Yet there has been complete silence on this from Obama and his Treasury Department. Perhaps they are nodding their heads with this font of economic wisdom from Paul Krugman’s fawning Rolling Stone piece on the achievements of the administration. Krugman’s circular reasoning is that designating MetLife as a SIFI must be good because “MetLife is making an all-out effort to be kept off the SIFI list.” Therefore, Krugman explains,“this effort demonstrates that we’re talking about real regulation here, and that financial interests don’t like it.”
Fortunately, a piece of legislation is hovering around the Capitol that, like Snoopy the flying ace, could partially save the day. The Insurance Capital Standards Clarification Act of 2014 (S. 2270), which the Senate passed unanimously on June 3, would revise Dodd-Frank by clarifying that it was not Congress’s intent to apply bank-capital rules to insurers.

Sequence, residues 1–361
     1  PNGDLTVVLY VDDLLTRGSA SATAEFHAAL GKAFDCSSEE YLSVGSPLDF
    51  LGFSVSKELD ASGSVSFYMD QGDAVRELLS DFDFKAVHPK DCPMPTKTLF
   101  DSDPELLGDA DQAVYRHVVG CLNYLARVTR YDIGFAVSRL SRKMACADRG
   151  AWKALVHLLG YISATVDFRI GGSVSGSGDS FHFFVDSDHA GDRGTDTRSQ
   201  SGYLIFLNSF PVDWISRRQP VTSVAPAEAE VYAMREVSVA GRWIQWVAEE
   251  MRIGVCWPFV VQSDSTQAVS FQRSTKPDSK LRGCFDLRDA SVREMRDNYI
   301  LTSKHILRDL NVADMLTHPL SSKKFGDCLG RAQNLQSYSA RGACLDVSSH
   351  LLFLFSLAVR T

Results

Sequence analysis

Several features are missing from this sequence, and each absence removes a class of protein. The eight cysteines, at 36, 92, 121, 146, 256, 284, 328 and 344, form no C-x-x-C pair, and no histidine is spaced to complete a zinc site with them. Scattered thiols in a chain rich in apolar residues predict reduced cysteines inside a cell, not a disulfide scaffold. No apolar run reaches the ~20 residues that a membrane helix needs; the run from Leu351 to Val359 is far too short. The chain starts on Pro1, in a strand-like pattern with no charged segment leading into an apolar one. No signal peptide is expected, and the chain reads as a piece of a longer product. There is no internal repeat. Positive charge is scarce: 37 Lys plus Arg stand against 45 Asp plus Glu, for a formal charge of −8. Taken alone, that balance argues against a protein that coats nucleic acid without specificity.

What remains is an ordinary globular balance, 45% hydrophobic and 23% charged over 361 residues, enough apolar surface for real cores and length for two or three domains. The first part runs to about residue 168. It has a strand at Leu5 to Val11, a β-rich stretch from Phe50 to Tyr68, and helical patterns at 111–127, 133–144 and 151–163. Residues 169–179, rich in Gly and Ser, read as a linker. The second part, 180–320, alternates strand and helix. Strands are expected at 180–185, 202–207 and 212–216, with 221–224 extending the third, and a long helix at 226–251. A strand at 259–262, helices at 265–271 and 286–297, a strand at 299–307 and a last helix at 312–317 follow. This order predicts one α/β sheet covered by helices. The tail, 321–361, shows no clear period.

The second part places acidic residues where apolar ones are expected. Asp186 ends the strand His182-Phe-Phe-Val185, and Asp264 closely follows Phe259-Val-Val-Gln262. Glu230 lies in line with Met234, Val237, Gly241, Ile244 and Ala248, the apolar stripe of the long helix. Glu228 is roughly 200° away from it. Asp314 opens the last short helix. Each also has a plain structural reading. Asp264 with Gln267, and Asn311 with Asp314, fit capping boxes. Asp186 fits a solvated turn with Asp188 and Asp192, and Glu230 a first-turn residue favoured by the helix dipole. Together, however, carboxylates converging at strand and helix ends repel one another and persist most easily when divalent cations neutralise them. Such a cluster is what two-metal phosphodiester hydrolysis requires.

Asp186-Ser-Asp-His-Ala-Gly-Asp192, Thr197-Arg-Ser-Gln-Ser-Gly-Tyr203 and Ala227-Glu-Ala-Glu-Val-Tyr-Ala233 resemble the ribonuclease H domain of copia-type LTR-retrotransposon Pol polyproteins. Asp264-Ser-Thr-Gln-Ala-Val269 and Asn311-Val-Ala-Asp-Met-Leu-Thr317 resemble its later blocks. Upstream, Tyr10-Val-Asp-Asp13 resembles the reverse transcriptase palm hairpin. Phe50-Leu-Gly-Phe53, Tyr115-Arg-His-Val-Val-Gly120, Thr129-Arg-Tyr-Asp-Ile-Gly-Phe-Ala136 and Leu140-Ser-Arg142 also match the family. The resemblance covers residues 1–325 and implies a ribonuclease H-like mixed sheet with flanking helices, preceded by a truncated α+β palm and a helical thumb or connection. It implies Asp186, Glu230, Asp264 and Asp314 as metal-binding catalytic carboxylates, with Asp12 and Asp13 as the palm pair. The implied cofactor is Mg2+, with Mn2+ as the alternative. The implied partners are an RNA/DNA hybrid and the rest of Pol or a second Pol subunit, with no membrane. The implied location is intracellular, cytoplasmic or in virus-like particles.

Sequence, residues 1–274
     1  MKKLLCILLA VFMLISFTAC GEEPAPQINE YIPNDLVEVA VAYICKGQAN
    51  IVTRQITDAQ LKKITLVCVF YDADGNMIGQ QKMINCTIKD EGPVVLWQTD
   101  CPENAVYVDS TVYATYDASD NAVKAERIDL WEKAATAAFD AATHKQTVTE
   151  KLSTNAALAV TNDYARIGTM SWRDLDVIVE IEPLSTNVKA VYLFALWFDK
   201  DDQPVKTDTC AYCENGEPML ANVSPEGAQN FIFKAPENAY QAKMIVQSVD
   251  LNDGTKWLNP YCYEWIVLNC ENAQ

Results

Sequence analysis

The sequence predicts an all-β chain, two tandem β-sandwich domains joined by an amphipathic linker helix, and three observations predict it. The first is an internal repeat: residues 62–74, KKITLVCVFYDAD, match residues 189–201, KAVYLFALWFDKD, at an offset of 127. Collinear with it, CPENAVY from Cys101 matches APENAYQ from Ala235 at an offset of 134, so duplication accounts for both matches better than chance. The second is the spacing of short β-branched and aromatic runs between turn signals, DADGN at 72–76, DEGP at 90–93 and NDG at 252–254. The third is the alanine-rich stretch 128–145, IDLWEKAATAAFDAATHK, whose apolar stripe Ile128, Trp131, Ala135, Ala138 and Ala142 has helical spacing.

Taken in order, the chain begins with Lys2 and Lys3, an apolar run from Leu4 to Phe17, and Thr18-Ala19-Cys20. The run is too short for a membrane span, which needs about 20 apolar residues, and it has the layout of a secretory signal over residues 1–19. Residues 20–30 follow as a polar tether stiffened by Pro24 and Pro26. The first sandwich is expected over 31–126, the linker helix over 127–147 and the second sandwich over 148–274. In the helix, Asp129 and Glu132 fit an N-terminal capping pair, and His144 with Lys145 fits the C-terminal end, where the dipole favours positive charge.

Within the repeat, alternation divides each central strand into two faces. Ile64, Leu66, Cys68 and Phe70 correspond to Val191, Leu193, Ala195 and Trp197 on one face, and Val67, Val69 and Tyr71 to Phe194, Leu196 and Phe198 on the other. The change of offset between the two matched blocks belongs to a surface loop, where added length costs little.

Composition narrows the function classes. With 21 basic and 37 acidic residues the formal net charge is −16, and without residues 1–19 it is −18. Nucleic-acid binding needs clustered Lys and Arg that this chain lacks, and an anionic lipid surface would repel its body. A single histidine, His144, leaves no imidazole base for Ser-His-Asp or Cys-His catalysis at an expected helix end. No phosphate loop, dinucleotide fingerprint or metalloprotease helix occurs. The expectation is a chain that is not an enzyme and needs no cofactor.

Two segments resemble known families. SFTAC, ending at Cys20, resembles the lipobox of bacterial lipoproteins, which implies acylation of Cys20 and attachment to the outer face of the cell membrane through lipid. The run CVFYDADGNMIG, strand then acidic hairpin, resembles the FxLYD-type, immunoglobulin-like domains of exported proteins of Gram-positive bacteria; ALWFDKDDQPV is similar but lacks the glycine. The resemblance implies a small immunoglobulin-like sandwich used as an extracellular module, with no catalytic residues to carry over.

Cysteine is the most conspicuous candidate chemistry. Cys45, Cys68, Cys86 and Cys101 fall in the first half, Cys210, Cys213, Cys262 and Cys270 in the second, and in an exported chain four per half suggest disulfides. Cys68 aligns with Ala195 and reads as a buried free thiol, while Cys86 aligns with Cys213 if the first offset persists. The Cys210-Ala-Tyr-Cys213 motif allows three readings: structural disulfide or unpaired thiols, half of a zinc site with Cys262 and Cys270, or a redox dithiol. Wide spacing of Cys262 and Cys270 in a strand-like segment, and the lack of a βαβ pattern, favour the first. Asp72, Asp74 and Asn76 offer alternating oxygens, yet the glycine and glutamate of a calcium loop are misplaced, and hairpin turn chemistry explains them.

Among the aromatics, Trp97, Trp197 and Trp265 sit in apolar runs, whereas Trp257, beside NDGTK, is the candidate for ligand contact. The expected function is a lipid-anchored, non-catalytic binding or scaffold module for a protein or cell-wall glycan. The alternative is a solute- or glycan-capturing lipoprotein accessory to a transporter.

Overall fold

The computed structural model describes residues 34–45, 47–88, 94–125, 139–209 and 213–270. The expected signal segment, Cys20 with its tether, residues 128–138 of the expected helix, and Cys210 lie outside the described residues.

Now all the House has to do in the lame-duck session is pass an identical companion measure, the bipartisan H.R. 4510, and send it to President Obama’s desk. Obama will have the choice to either sign the bill or face veto-proof majorities in both houses. As I have written before, forcing Obama’s hand here will rightfully “erode much of what little luster there is from Dodd-Frank” and make it politically easier to repeal the law, or at the very least grant relief from other harmful parts of it.
But the main reason to pass this bill is to prevent the not-so-good grief among the insured that will occur if the FSOC is left unchecked. We have already seen what happened when the football was pulled away in the health-insurance market thanks to Obamacare.